I did not quote anything that the white pastor said because he went along with everything the black pastor said and offered no objection but rather acquiesced to the unfair implication that all the fault lies with the white community, and it is the responsibility of the white community to resolve the issue of racism.

Racism exists. It is sin. It is sin that infects all skin tones. The white pastor pointed out how the Israelites were very racist against Gentiles. Well, Gentiles come in all colors, so the comparison is apples to oranges. Regardless of the form, racism is wrong. However, it cannot be legislated away. It is a problem of the heart and only Jesus can change the heart. As for Christians, both black and white, we need to make the concerted effort to look beyond the color of a person’s skin. We should all, black and white, heed the words of Martin Luther King who said, “I have a dream that my four little children will one day live in a nation where they will not be judged by the color of their skin but by the content of their character.” Those words have been mostly aimed at whites, but it applies equally to blacks also.

Racism is sin and should not be named among Christians. “There is neither Jew nor Greek [nor black nor white], there is neither bond nor free, there is neither male nor female: for ye are all one in Christ Jesus.” (Galatians 3:28)

 Notes:


[1]  “Racism” – https://www.dictionary.com/browse/racism?s=t

[2]  Genesis 1:26-28

[3]  Genesis 2:23-24

[4]  Genesis 3

[5]  Genesis 4-5

[6]  Genesis 6-9

[7]  Genesis 11

[8]  Ephesians 6:5-9

[9]  Malachi 2:13-16

[10]  Matthew 19:3-9

[11]  “Atlantic Slave Trade” – https://en.wikipedia.org/wiki/Atlantic_slave_trade

[12]  “Slavery, by the Numbers,” The Root website: https://www.theroot.com/slavery-by-the-numbers-1790874492

[13]  Quoted from the Declaration of Independence

[14]  “Why Satan” – https://erniecarrasco.com/2014/11/02/why-satan/

[15]  “The Devil” – https://erniecarrasco.com/2018/09/23/the-devil/

[16]  https://townhall.com/columnists/williammarshall/2019/09/13/exposing-the-trayvon-martin-hoax-n2553059

[17]  https://www.buzzfeednews.com/article/mikehayes/heres-a-brief-history-of-the-tamir-rice-shooting

[18]  https://www.fbi.gov/history/famous-cases/emmett-till

[19]  https://en.wikipedia.org/wiki/Killing_of_Eric_Garner

[20]  https://en.wikipedia.org/wiki/Shooting_of_Philando_Castile

[21]  https://www.nytimes.com/article/ahmaud-arbery-shooting-georgia.html

[22]  https://nypost.com/2020/06/02/george-floyd-had-violent-criminal-history-minneapolis-union-chief/ and https://www.cbsnews.com/news/george-floyd-death-autopsies-homicide-axphyxiation-details/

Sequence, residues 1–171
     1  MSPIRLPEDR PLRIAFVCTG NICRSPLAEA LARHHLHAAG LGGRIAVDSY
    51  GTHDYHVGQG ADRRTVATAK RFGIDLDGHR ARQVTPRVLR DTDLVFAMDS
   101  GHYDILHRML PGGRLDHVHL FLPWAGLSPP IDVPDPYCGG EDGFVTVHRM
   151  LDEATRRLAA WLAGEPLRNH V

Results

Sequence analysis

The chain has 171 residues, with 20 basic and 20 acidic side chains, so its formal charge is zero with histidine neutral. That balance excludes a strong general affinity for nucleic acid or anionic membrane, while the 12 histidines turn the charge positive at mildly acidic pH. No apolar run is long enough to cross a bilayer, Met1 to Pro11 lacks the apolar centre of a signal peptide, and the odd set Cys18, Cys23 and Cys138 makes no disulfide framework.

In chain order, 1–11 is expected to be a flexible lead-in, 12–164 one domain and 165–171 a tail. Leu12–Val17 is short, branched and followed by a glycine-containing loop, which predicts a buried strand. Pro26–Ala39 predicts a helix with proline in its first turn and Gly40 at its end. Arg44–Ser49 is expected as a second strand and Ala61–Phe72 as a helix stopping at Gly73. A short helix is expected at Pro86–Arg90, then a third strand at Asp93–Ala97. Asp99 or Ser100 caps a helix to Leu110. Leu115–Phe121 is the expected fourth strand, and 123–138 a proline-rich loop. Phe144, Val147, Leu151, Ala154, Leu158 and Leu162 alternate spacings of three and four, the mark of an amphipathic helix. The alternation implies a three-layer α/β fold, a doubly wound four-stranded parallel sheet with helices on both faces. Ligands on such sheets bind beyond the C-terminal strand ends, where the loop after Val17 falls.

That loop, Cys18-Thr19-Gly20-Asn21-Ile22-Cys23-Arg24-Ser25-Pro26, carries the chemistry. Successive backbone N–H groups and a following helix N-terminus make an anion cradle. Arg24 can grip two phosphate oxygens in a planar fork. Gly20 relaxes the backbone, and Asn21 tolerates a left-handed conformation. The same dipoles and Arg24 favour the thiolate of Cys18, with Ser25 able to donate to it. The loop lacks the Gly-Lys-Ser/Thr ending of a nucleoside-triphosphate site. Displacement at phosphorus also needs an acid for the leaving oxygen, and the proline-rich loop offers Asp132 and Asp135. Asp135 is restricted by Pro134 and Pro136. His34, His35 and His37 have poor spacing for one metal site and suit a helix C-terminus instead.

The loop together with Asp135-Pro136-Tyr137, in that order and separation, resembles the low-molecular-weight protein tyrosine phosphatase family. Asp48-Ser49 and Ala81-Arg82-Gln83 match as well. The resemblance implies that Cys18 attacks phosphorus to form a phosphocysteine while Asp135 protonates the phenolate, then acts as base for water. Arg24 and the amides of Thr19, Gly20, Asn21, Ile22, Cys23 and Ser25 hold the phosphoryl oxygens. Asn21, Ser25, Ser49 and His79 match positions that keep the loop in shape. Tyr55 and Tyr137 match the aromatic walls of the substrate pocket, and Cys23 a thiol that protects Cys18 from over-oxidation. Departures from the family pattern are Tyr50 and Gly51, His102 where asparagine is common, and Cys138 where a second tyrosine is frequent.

[23]  https://en.wikipedia.org/wiki/Killing_of_Rayshard_Brooks

[24]  https://www.theguardian.com/us-news/2019/may/07/sandra-bland-video-footage-arrest-death-police-custody-latest-news

[25]  https://www.wdrb.com/news/separating-facts-from-fiction-in-the-breonna-taylor-case/article_94fb82fc-b10c-11ea-9305-43c10123a542.html

[26]  https://www.lawenforcementtoday.com/study-destroys-argument-that-white-cops-are-shooting-black-men/

[27]  “There Is No Epidemic of Racist Police Shootings” https://www.nationalreview.com/2019/07/white-cops-dont-commit-more-shootings/

[28] https://www.newsmax.com/bernardkerik/police-shootings-crime-statistics/2019/01/22/id/899297/

[29]  “5 Statistics You Need To Know About Cops Killing Blacks” – https://www.dailywire.com/news/5-statistics-you-need-know-about-cops-killing-aaron-bandler

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Filed under Apologetics, Bible, Christianity, Creation, Current Events, End Times, Evolution, Origins, Random Musings, Satan, Theology

A Thousand-Year Day

But, beloved, be not ignorant of this one thing, that one day is with the Lord as a thousand years, and a thousand years as one day. (2 Peter 3:8)

The retirement lifestyle is a new experience for me. So far, it feels like an extra-long vacation. I’m enjoying doing things in the middle of the week and in the middle of the day that were out of the question when I was tied to a nine-to-five job. I am also enjoying the absence of fighting rush-hour traffic.

On Friday of this week, I experienced an outing to the ICR Discovery Center for Science and Earth History, my former employer, with a group of senior adults from our church. Of course, I know the place inside and out, but it felt different to visit as a “guest.” Our visit was too short (only two and a half hours). After that, we boarded our bus bound for lunch at El Fenix, the oldest Tex-Mex restaurant chain in the Dallas-Fort Worth Metroplex. Our driver took us to the one in Irving, Texas, not far from the Discovery Center.

In the course of conversation over lunch, a lady sitting at the table across from me asked me how I would respond to someone who thinks the Genesis creation account is a myth and argues for an old earth based on 2 Peter 3:8 (our verse above). Of course, attempting to change someone’s mind who is convinced that the miracle accounts in the Bible are myths will take some doing. Their main problem is that they have a very small view of God. They usually also have an overinflated view of man. However, their support for long ages based on 2 Peter 3:8 can be easily debunked.

Many use this verse to argue for long ages in the Genesis creation account. They wrongly interpret 2 Peter 3:8 to say, “one day is with the Lord a thousand years, and a thousand years is one day.” The Day-Age Theory[1] uses this interpretation to argue that the days of creation were 1000 years each making the creation event last 6000 years. Giving credit where credit is due, at least they are not arguing for millions or billions of years for creation. By their reckoning, Creation is about 12,000 years old. However, that raises the question; why does God need that much time to create? Furthermore, the purpose of the Day-Age compromise is to allow for evolution to take place, which brings up another question. Evolution requires death and suffering. How then can death be the penalty for sin[2] if death had taken place for thousands of years before the fall of man? And, how could God declare His creation “very good”[3] when He calls death “the enemy”?[4] Some concede that God used evolution to create. This raises yet another question. Why would God need to “experiment” on His creation in order to improve on it over time? Is He not all-knowing and all-powerful? Can God not simply speak things into being as described in the Genesis account of creation? The notion that God used evolution to create serves only to undermine faith in the power of God!